To aid in the transition from MVM to Nexpose, Rapid7, has developed a Migration Toolkit. The Toolkit contains documentation to walk a customer through a typical pre-deployment/deployment tasks, pre-migration tasks, migration tasks, and post-migration tasks.


Screen Shot 2016-04-01 at 1.59.36 PM.png

You may download the Migration Related Documentation from the community at:


The Migration Toolkit also contains a set of utility scripts to export relevant configuration and data from MVM and import it into Nexpose.

The Migration Utilitywill migrate the following:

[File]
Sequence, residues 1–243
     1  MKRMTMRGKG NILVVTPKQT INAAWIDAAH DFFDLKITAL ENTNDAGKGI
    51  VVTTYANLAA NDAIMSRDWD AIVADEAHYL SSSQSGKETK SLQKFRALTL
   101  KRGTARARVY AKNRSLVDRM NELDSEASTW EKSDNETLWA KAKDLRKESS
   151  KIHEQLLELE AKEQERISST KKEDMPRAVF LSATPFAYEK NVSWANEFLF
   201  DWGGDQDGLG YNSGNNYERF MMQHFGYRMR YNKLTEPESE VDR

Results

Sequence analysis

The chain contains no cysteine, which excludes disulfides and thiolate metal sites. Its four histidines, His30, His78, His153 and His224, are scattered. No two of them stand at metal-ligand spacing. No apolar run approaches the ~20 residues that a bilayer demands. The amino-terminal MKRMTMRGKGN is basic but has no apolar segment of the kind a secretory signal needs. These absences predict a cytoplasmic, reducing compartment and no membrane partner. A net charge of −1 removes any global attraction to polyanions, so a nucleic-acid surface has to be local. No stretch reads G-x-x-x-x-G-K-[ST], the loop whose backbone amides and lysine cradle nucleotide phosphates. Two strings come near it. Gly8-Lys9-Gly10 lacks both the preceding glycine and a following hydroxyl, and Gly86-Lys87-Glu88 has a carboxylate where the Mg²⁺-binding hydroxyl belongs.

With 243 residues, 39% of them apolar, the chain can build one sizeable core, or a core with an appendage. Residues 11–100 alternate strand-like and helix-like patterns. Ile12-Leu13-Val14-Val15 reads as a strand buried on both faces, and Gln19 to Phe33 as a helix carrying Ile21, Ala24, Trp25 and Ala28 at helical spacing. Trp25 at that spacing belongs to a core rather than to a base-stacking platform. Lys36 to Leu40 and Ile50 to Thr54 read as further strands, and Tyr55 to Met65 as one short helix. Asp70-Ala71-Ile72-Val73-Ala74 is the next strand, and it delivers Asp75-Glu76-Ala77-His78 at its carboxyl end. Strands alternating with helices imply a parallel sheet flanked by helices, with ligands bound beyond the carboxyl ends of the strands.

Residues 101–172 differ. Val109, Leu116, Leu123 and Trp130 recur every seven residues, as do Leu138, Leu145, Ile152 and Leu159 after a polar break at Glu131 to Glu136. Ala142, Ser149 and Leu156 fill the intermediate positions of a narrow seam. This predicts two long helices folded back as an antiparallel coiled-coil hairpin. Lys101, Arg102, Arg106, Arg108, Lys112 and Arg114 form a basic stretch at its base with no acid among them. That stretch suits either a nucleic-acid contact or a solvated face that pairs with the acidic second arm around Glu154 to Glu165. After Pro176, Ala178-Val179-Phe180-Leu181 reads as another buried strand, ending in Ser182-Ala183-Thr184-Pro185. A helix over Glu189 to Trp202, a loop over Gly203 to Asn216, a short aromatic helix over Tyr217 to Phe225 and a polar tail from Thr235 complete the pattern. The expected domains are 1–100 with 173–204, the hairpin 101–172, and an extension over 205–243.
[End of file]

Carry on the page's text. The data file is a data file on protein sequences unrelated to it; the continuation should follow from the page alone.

• Scan Configurations; including included and excluded assets, and scan schedule
  • Asset Groups and associated assets
  • Asset Tags applied to assets; including criticality, owner and custom tags
  • Asset Inventory; including IP address, host name, OS, discovered ports and services
  • Scan Credentials (i.e. Credential Sets)
  • Users



Exporting of MVM Scan Configurations:

Screen Shot 2016-04-01 at 2.14.13 PM.png

Importing of Scan Configurations into Nexpose:

Screen Shot 2016-04-01 at 2.13.30 PM.png


The Migration Utility is free to MVM customers that have purchased Nexpose, and is available as a virtual machine for simple setup, configuration and migration. If you are a former MVM customer and are moving to Nexpose, ask your Account Executive or Customer Success Manager about obtaining the Migration Utility. If you purchased Deployment Services, your Global Services Project Manager will advise you where to download the latest Migration Utility.